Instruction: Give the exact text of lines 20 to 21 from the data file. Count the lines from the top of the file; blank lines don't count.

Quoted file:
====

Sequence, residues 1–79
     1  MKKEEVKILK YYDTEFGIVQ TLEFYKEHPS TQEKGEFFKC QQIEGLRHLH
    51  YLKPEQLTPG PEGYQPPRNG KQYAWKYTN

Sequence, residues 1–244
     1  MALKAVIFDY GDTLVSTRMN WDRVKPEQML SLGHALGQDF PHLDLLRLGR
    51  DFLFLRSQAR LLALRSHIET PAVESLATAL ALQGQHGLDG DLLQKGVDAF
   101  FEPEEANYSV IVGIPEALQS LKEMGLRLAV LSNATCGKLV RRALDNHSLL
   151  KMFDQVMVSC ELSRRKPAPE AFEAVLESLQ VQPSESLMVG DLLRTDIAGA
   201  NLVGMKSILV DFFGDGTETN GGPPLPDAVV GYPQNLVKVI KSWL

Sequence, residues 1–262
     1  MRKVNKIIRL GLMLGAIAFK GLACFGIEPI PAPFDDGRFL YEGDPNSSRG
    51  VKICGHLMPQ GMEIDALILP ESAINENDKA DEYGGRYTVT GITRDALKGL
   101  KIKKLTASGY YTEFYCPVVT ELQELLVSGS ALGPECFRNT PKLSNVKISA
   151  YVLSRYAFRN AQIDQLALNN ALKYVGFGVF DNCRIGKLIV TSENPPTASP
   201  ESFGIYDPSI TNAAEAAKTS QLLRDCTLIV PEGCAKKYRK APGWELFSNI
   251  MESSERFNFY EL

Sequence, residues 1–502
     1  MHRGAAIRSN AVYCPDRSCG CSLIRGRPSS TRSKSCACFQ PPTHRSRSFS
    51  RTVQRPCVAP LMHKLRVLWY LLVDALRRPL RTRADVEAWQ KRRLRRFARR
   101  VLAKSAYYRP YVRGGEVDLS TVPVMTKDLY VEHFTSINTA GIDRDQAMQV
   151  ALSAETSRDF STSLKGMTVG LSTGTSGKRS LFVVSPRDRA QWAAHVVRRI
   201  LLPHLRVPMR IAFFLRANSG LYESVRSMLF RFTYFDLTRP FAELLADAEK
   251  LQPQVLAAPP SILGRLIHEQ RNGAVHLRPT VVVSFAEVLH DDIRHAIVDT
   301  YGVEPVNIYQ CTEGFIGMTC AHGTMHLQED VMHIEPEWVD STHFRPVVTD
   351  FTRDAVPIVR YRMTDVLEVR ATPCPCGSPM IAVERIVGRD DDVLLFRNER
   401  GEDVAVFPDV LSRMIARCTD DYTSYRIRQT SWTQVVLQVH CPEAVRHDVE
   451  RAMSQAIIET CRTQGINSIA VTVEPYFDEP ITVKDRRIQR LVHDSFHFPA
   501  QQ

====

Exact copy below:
   101  VLAKSAYYRP YVRGGEVDLS TVPVMTKDLY VEHFTSINTA GIDRDQAMQV
   151  ALSAETSRDF STSLKGMTVG LSTGTSGKRS LFVVSPRDRA QWAAHVVRRI